Means of Production 20th Anniversary!

Join us virtually- as we attempt to live stream a talk and tour of the garden now with Oliver Kellhammer in NYC. Oliver is the artist who began the garden working with Environmental Youth Alliance, with support from Community Arts Council of Vancouver and the Vancouver Park Board.

Many people in the city – artists and non artists alike- can trace their learning about growing art materials and making from what is in season, and building a relationship to place back to the Means of Production Garden and the opportunities that it has provided so many artists and community groups over the last two decades.

Join us for an informal walkabout and show and tell of what is happening in the garden now!

Sunday May 22nd 4-5pm

get your free ticket here

Oliver Kellhammer is an artist, writer, and researcher, who seeks, through his botanical interventions and social art practice, to demonstrate nature’s surprising ability to recover from damage. Recent work has focused on the psychosocial effects of climate change, decontaminating polluted soil, reintroducing prehistoric trees to landscapes impacted by industrial logging, and cataloging the biodiversity of brownfields. He works as a part-time assistant professor in Sustainable Systems at Parsons The New School for Design in NYC. People in Vancouver may be familiar with some of the projects he has initiated over the years, including Cottonwood Gardens, Healing the Cut-Bridging the Gap and Means of Production Garden.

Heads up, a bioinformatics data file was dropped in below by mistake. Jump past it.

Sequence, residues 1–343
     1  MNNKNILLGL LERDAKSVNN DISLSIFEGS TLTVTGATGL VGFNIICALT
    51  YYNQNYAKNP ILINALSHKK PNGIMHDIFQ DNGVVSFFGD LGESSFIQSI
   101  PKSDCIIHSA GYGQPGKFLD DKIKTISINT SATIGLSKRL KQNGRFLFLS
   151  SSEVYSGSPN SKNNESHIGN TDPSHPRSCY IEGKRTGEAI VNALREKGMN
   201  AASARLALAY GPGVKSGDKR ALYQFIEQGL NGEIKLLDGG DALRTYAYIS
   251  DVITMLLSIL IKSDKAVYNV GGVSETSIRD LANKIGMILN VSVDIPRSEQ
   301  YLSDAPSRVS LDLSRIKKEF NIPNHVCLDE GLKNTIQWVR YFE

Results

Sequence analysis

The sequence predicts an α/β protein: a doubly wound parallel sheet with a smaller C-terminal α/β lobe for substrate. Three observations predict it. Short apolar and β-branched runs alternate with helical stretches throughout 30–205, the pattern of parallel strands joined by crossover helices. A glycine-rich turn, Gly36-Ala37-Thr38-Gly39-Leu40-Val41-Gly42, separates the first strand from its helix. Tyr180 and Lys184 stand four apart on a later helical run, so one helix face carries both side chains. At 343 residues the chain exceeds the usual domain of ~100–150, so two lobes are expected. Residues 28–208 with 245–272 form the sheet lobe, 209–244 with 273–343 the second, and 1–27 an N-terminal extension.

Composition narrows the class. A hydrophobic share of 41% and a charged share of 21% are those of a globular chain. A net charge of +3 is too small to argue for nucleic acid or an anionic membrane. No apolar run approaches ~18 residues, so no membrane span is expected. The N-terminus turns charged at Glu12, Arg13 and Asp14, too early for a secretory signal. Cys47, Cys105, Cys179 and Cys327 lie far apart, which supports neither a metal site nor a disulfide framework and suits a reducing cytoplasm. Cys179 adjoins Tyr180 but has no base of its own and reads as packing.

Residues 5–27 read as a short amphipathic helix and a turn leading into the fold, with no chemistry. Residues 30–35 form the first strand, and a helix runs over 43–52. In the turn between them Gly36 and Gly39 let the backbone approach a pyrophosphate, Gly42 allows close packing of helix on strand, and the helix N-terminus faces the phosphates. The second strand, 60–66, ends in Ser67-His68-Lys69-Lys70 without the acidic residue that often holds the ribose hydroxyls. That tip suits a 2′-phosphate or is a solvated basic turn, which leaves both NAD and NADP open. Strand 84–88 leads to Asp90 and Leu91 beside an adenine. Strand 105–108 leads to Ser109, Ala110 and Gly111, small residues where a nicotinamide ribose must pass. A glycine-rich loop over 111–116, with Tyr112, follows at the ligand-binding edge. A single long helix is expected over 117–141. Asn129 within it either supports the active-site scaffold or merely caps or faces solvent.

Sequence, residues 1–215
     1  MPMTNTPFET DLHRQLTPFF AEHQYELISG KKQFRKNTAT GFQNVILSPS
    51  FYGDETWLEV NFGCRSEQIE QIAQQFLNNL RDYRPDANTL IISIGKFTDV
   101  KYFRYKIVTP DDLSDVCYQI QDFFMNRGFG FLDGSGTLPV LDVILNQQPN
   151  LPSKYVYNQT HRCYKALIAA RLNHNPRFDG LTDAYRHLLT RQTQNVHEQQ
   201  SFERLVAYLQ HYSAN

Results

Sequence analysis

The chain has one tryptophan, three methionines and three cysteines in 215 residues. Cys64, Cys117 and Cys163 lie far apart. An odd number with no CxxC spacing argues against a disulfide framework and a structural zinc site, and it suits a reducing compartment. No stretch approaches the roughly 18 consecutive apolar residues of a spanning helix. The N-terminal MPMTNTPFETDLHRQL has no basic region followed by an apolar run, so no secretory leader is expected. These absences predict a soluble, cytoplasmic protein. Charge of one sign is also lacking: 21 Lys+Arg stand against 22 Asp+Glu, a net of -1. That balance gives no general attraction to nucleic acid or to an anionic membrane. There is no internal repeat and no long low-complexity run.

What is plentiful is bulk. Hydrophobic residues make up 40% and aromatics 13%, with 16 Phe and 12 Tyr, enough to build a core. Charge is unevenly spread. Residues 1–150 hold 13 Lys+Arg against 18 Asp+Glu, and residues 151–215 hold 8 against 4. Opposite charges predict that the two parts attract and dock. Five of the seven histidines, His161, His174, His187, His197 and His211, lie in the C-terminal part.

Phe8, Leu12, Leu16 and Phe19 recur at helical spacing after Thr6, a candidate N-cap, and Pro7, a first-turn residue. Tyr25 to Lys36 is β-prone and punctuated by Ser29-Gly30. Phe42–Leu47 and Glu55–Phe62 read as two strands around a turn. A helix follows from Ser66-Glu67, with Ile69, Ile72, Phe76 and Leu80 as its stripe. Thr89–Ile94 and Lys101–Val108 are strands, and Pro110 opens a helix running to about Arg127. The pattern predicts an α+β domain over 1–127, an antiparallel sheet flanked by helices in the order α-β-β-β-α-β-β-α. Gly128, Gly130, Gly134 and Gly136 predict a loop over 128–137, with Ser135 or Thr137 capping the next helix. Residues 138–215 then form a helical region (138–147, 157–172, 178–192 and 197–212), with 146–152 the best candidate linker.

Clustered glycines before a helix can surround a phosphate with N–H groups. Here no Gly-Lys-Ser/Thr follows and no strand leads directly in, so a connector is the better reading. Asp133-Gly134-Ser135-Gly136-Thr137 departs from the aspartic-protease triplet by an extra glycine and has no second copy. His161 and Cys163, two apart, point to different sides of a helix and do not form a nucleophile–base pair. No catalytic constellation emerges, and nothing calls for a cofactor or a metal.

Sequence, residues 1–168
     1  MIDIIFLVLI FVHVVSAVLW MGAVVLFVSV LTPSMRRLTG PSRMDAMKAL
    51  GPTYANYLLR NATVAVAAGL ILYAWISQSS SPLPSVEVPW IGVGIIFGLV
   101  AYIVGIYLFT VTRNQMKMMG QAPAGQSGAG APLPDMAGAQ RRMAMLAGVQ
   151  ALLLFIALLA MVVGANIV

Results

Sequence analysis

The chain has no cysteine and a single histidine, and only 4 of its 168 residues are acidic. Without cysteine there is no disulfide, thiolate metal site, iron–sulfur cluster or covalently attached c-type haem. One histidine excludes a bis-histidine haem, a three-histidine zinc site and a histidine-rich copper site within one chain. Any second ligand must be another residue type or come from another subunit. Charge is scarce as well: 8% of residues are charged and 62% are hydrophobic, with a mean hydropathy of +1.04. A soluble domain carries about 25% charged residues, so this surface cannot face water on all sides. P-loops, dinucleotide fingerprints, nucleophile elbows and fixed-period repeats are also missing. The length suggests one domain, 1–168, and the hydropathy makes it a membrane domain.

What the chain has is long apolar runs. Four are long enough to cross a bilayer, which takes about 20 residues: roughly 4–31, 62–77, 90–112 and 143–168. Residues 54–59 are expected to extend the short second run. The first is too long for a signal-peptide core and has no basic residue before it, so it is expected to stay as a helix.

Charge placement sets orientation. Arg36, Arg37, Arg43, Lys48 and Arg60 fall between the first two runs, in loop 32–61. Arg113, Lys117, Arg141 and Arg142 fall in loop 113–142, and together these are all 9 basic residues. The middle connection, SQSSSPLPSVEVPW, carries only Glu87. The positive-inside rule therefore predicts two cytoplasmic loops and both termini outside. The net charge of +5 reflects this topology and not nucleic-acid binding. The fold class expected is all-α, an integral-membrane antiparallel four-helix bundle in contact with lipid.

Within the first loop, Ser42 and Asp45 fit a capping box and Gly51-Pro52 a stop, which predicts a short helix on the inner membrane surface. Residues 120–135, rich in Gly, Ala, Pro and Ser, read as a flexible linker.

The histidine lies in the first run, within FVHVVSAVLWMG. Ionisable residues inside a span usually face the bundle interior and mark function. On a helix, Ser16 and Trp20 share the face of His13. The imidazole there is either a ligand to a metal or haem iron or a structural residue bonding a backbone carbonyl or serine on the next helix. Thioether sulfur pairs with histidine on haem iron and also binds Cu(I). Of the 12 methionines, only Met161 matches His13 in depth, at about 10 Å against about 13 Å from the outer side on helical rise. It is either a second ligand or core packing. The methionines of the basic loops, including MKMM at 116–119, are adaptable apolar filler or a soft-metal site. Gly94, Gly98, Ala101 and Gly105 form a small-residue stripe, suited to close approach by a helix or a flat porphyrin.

Kellhammer has lectured and given artists talks on bio-art, ecological design, urban ecology and permaculture at universities and cultural institutions throughout North America and abroad, including University of Texas (Austin), Pratt Institute, NYU, Rensselaer Polytechnic, OTIS College, University of Oregon, Emily Carr University, Smith College, University of British Columbia, Bainbridge Graduate Institute, University of Windsor, Aalto University (Finland) Tohoku University (Japan), and many others. He divides his time between New York’s Alphabet City and rural British Columbia.